on the HAL-9000

David Jeske jeske@home.chat.net
Sun, 11 Oct 1998 19:34:17 -0700

On Sun, Oct 11, 1998 at 06:35:31PM -0700, RE01 Rice Brian T. EM2 wrote:
> i believe, for example, that the decision-making structure is the key
> part of my question: when does Tunes recompile a method and when does it
> simulate doing so?

I don't see how we are going to come up with a finite ruleset to
answer this question. I think that we should have a framework for
adding static compiler/optimizer stages, and along with that, a method
for deciding when to recompile give the existing compiler, or compiler

I think trying to 'answer' this question is sort of putting the cart
before the horse.

As an example, observe the HotSpot Java VM.

It uses several techniques (mostly adapted from the SELF optimizing
compiler VM) to generate static code, and keep track of dependencies
between the fully reflective system and the static code doing the
work. I think we would be better off coming up with a framework to put
the static compiler systems in place, instead of trying to hard-define
the calculus for conversion between different levels. Even if such a
logical method of transltion exists, I doubt we can pull it out of the
sky with so little experience of such things.

For example, SELF has a system which records type information as code
runs, much of their optimization work has followed out of this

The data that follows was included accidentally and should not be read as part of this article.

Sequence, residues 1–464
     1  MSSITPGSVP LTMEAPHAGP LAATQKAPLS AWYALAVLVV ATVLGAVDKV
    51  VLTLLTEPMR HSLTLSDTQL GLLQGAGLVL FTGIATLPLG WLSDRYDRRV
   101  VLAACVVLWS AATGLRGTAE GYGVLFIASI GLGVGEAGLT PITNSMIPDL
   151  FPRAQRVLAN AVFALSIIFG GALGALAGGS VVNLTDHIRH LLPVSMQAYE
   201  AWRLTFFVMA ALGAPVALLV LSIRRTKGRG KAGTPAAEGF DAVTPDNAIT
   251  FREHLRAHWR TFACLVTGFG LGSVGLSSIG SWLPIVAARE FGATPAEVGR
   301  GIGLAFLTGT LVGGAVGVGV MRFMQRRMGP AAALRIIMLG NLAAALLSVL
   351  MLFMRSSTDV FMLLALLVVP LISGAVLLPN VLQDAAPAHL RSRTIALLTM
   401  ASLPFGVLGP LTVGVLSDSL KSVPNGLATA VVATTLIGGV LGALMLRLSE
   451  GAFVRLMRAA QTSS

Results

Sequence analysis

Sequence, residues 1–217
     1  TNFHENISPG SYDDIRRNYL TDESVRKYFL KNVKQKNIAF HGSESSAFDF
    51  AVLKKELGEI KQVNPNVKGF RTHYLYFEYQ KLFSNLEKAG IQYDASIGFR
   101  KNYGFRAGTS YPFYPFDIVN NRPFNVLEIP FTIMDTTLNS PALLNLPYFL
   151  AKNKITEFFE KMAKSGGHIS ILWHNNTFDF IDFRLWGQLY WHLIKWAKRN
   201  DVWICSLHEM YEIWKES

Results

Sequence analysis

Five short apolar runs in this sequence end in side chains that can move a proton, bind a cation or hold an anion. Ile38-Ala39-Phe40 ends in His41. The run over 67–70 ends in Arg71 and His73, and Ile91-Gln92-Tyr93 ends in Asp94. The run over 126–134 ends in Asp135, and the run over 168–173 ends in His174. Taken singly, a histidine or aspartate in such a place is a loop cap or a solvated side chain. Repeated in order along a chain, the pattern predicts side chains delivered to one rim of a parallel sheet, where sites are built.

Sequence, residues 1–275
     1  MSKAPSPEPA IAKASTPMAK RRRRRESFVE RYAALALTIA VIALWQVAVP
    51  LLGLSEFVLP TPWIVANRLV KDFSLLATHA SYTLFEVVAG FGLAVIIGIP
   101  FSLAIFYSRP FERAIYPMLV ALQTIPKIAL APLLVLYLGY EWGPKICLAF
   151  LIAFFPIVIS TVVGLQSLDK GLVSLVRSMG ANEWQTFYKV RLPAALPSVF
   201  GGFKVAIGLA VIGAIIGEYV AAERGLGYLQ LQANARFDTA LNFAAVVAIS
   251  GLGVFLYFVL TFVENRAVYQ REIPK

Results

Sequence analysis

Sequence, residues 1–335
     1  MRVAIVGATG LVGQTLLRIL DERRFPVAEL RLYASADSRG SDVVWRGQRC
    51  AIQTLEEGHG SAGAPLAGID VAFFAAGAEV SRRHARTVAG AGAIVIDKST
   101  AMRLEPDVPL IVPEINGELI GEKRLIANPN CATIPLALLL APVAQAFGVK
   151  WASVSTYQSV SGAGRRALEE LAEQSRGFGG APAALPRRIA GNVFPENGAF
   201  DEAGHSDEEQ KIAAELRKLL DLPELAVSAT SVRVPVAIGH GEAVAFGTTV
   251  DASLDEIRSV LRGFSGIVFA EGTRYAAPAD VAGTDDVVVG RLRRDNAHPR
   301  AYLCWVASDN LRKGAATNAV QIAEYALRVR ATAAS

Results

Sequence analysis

run-time data collection system. Perhaps we can come up with a general
form of this data collection system, where we can allow a compiler to
insert it's data collection blocks in the high-level 'logical code'
and then use it's own data later during it's static compile phaze.

This would still use a more traditional 'monolithic' compiler model,
however, it would allow us to easily experiment with different ideas
in optimization.

> what defines "full" about type information? theoretically, i could have
> the entire system of algebra recomputed every time i saw 1+1=2 in order
> to have complete type checking. 

I don't agree with your implication of the converse of the above
statement. That converse being that "if you don't recompute the system
of algebra each time that you don't have complete type
checking". Under no circumstances should you not have complete type
checking. However, optimization techniques should be used which will
allow you to type check once for a code/logic path. That entire path
can then be optimized for the types which are guaranteed to be present
if it's called. If the types are different, then that static codeblock
shouldn't be called. That's how SELF works.

> what i am saying is to use the principal of
> partial-evaluation/partial-proof to create an easily-available form
> (or set of forms) for access at various levels of semantics, and to
> determine what policy should be used for generating those.

Okay, I think I'm with you here, but can you give a more specific
example of how you think this would actually work?

> >In fact, this should not even prove that difficult. I could imagine a
> >C compiler which would store full run-time information about the names
> >and static offsets of all data structures and functions. This would
> >incur zero penalty to static code and yet would allow you to get at
> >those items in a reflective fashion.
> perhaps, but in a very inefficient way, since C is very slow to compile
> (compared to the kind of code we need to have available in order to have
> a reasonable dynamic-compilation routine performance). e.g. slim
> binaries of the Oberon system.

Of course, and I agree with you completely here. I was merely
presenting a solution which didn't compromise run-time information or
speed, and which could be applied in today's world.

David Jeske (N9LCA) + http://www.chat.net/~jeske/ + jeske@chat.net